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Bill "Speed" Holland with the Detroit Stars

"Wilbur 'Bullet' Rogan, of Chicago, is said by some judges to be the best hurler in the league. Detroit has two very good ones in Bill Holland and William Force, and a capable left-hander in Andy Cooper."
Detroit Saturday Night newspaper, 1922, quoted from "Turkey Stearnes and the Detroit Stars," by Richard Bak

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Negro Leaguer of the Month

March, 2013

Elvis "Bill" Holland, aka "Speed" Holland
Position: pitcher
Batted: Both; Threw: Right
Height: 5'-9”, Wt. 180
Born: February 28, 1901 in Indianapolis, IN
Died: December 3, 1972 in New York City
Career: 1919-1941
Teams: Jewel ABCs, Detroit Stars, Hilldale Daisies, Philadelphia Stars, Chicago American Giants, New York Lincolns, Harlem Stars, Brooklyn Royal Giants, New York Black Yankees

With a name like Elvis, you’d think that he’d be "the king of Negro League pitchers," but “Bill” Holland was simply a very good pitcher for a very long time!  Though he was only average size—5’-9 and 180 pounds—Holland threw smoke and was nicknamed “Speed” and “Devil” during his career.  During his prime, Holland averaged about a half-dozen strikeouts per game and a pair of walks against Negro League competition, and about a dozen strikeouts against white semi-pros.

When Holland got a bit older, he mixed in a great drop ball and was known to scuff a ball or two in his day!

Holland was born in Indianapolis and played semi-pro ball with the local Jewel ABCs as a teenager before being signed by the Negro National League’s Detroit Stars in 1920, joining a pitching staff with Bill Gatewood, Submarine McDonald and Andy Cooper.  Holland won 11 league games, second on the team to Gatewood’s  16.  At bat, Holland couldn’t break .100. In 1921 and '22 Holland led the Stars with 18 complete games each season, and in '22 he led the team in wins (16) and innings pitcher (204). His 39 lifetime league wins with the short-lived Stars ranks him second all-time in team history behind Andy Cooper's 91. Holland's lifetime ERA with Detroit was approximately 2.77.

Holland pitched several years in Cuba, and led the Cuban Winter League in wins in 1924 with 10.

After a few years with Detroit and the Chicago American Giants, Holland joined the powerful New York Lincolns in 1929.  1930 might have been Holland’s best professional season as he went 13-3 in league games, with 29 wins overall.  The Lincolns of 1930 were one of the strongest teams in Negro League history, with an offense led by Chino Smith, Turkey Stearnes, Pop Lloyd, John Beckwith and Clint Thomas.  The Lincolns played some of their home games at Yankee Stadium, and on July 10th of ’33 Holland became the first black pitcher in Yankee Stadium history.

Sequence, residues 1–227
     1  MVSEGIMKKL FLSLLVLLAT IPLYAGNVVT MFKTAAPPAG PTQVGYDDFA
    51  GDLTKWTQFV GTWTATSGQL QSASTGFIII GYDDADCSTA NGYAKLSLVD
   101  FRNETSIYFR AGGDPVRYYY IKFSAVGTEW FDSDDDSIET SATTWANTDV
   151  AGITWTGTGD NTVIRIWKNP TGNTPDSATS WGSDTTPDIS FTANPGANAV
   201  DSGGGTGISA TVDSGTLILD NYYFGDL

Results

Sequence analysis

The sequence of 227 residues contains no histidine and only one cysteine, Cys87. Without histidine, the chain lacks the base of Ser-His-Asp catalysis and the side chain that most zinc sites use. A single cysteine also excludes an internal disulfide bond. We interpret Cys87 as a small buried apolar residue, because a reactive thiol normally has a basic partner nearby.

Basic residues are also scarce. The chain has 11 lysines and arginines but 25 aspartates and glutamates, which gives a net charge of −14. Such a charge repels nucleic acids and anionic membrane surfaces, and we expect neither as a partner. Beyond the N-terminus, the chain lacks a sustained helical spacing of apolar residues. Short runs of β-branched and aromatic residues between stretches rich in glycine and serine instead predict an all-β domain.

In 1931 Holland switched to New York’s other Negro League team, the New York Black Yankees, and he stayed with them for a decade.  The 1933 Black Yankees were especially tough with a pitching staff of Holland, Ted Trent and Double Duty Radcliffe.  Offensively, Radcliffe led the Yanks with a .333 average, and other stars included John Beckwith, Showboat Thomas and player-manager George Scales.

Holland played a total of 21 seasons in the Negro Leagues, and was fortunate to appear on pitching staffs with legends Double Duty Radcliffe, Smokey Joe Williams, Sam Streeter, Dick Redding and Dave Brown, and he threw to some of the greatest catchers in Negro League history including Radcliffe, Larry Brown, Bruce Petway, Biz Mackey and Jim Brown.

In 1939 Holland was chosen to represent the Black Yankees in the East-West All-Star game, but he didn’t figure in the decision, allowing one run and two hits in 2/3 of an inning.

Holland was a better than .500 pitcher in league games during his career, and he won more than 70% of his non-league decisions. 

No less an expert than Cool Papa Bell said that Holland was one of the best pitchers he faced in the Negro Leagues, among a small group that included Satchel Paige, Bullet Joe Rogan and Smokey Joe Williams.

1920 Detroit stars, including Bill Holland (top row, far left), catcher Bruce Petway (top row, third from left),
Hall of Famer Pete Hill (middle row, second from left) and Hall of Famer Andy Cooper (middle row, far right).